Two homeschoolers working together to carry the tree they cut down. They brought it back to Village Camp where they finished cutting it into two pieces, one for each of them.
The homeschool crew walking back through the Hemlock Forest on their way to Village Camp. They stopped along the way to check out mysterious animal tracks and other nature mysteries, and of course to say hello to the dragon.
Hillary-Joy helped the homeschoolers make birch bark valentines! She carefully cut them into hearts and then let the homeschoolers write or draw things they were grateful for. They also made valentines for the preschoolers and strung them together and hung it on the entrance to the pavilion in Trillium Camp as a surprise.
The homeschoolers waiting in line for chocolate! They warmed coconut oil over the fire and, when it had completely melted, they added cocoa powder and agave nectar. They used their hands to mold the chocolate into bite size pieces.
Snow means time for sledding! When there was a good amount of snow, the homeschoolers liked to end their day with a few runs down their sledding hill.
Even the instructors got in on the fun! Seen here is Jesse sledding down the hill.
The homeschoolers sitting on the fallen quaking aspen while waiting to hear the rules to a game.
A member of the Fox Tracker Clan speaking to the dragon. When this group had arrived at the dragon, they found a note in its mouth. In the letter, the dragon thanked the homeschoolers for spending so much time with them this winter. Part of it read- "To show my immense gratitude for all you have done, I have given each of you the gift of dragon fire! This fire exists inside each of you and is a way you can communicate with me even when we're apart. However, on cold days the fire can get small and weak. To keep it burning you must move around- explore the unexplored parts of the Hemlocks, play a game, create an obstacle course, have a dance party! Even fire-breathing dragons like myself have to do these things to stay warm."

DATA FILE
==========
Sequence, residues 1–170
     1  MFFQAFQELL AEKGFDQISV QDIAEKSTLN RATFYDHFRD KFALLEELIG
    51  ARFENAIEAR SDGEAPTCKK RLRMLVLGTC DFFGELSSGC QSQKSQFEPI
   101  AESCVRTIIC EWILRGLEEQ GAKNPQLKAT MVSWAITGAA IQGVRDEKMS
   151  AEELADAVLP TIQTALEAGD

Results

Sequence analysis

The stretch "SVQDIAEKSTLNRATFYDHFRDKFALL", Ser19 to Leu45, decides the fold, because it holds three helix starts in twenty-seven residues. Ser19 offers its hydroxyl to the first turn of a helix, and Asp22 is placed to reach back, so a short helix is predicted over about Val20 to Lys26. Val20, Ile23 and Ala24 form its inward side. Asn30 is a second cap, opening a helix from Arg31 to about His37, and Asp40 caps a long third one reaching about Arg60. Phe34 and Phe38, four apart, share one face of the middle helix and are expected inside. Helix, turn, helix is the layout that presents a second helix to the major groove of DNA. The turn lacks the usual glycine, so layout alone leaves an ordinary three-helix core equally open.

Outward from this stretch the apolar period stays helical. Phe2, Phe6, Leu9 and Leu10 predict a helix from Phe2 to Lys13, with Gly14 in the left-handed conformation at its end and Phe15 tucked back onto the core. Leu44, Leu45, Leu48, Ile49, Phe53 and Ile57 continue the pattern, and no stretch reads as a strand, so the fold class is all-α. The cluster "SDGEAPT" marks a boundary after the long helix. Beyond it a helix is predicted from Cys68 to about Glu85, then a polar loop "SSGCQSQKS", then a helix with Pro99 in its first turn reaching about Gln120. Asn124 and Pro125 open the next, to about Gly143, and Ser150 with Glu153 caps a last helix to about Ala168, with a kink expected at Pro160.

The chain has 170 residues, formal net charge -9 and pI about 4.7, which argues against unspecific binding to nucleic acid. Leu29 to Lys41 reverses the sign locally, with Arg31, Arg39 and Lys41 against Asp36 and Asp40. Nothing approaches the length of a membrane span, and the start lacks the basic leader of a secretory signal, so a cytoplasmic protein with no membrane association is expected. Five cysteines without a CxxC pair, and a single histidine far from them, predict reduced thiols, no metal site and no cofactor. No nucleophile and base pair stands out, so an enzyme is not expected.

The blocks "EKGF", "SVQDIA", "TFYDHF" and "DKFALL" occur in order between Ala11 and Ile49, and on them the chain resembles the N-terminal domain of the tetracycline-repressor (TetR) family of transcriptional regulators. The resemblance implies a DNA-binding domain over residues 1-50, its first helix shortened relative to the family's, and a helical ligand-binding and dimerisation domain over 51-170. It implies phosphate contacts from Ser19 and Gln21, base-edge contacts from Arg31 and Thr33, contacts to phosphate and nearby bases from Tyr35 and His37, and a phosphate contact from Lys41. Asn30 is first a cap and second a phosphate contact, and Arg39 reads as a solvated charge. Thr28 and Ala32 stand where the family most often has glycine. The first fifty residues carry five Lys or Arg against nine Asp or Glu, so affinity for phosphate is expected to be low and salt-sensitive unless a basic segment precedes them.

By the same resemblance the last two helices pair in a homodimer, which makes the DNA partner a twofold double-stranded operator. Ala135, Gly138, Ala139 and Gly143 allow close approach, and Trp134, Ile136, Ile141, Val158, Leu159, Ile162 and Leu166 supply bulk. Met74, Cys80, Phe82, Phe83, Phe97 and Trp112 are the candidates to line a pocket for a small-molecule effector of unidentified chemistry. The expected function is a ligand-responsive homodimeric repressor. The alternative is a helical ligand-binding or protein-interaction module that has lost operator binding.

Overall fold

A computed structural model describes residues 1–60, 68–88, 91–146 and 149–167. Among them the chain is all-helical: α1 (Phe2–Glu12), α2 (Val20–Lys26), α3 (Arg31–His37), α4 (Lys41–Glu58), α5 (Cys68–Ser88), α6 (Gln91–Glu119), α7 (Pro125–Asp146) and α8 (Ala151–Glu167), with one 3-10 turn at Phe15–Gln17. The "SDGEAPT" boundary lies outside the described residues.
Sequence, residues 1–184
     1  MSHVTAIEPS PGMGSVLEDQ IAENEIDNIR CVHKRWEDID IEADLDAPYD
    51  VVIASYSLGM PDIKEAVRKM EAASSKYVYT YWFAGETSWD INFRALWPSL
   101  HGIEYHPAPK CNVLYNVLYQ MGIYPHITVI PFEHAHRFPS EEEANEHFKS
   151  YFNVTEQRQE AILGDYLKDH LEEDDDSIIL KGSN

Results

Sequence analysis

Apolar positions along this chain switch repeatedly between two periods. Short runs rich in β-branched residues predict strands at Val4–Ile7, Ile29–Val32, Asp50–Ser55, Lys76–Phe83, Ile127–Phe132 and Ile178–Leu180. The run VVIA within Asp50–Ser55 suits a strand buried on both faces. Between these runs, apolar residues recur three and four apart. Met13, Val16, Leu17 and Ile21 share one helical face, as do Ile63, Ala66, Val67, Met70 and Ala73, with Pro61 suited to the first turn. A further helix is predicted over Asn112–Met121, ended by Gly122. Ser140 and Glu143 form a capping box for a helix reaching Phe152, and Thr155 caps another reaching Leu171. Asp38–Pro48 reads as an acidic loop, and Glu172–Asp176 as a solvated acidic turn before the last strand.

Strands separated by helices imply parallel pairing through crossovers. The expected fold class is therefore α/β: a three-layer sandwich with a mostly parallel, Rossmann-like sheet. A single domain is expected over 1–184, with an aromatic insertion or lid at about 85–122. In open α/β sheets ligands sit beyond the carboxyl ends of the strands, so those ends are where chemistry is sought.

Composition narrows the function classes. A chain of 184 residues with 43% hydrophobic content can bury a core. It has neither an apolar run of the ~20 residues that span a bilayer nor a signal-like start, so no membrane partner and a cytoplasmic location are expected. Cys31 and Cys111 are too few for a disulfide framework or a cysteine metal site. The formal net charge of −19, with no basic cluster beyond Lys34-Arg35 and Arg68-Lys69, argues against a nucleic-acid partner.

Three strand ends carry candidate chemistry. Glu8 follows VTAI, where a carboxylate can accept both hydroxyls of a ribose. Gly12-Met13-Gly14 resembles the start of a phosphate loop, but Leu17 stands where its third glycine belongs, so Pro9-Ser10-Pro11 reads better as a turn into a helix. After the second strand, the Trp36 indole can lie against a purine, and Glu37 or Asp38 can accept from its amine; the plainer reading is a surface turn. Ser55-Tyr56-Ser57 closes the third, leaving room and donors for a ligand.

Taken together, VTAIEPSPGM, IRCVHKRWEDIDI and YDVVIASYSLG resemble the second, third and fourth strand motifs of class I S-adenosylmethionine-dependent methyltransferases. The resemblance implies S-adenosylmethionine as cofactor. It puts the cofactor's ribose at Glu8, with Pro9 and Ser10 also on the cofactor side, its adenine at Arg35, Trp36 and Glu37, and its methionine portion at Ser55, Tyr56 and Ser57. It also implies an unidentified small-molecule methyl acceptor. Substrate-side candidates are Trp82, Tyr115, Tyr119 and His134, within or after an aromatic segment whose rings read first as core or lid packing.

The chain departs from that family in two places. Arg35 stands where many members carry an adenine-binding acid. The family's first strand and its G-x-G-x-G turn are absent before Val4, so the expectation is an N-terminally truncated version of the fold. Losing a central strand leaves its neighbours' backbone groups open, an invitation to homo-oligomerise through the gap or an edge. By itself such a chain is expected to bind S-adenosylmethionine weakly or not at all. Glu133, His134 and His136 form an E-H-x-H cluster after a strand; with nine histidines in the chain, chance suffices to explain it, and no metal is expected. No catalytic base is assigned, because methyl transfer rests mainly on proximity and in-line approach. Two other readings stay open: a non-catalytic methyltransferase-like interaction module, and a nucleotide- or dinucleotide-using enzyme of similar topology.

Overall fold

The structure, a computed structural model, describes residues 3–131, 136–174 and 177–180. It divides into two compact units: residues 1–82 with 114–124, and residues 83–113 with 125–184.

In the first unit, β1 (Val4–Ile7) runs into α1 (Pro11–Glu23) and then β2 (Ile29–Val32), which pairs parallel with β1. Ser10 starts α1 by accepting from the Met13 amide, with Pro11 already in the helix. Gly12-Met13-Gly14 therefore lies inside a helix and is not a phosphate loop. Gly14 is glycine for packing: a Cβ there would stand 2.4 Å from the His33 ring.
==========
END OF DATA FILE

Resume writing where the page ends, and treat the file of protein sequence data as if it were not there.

Following the dragon's instructions, they made an epic obstacle course nearby and then hiked to a far corner of the Hemlocks. There they made another obstacle course on a fallen tree and collected wood for a lunch fire.
The Fox Trackers also made tea using hemlock needles and rose hips.
Jesse and a homeschooler making a fire near the dragon.
The adventurous Winter Explorers had to forgo van travel due to bad weather, but they didn't let that stop them from exploring new places. They journeyed on foot to a nearby cemetery where they discovered some large trees and identified a few red and white oaks, as well as some hemlocks.The group also spotted a juvenile and adult bald eagle and a crow that was trying to mob them!
After some epic snow ball challenges, sledding and a blindfolded game of Everybody's It Tag, the Winter Explorers paired up and tracked their partner in the snow. Each partner had two minutes to create a track in the snow and then hide somewhere at the end of it. When the time was up, the other partner had four minutes to search for them. The explorers walked backwards and jumped ahead or off of things to make their tracks more challenging to follow.
Thank you for reading! We're feeling grateful for the moments that deepen our connections to nature and each other.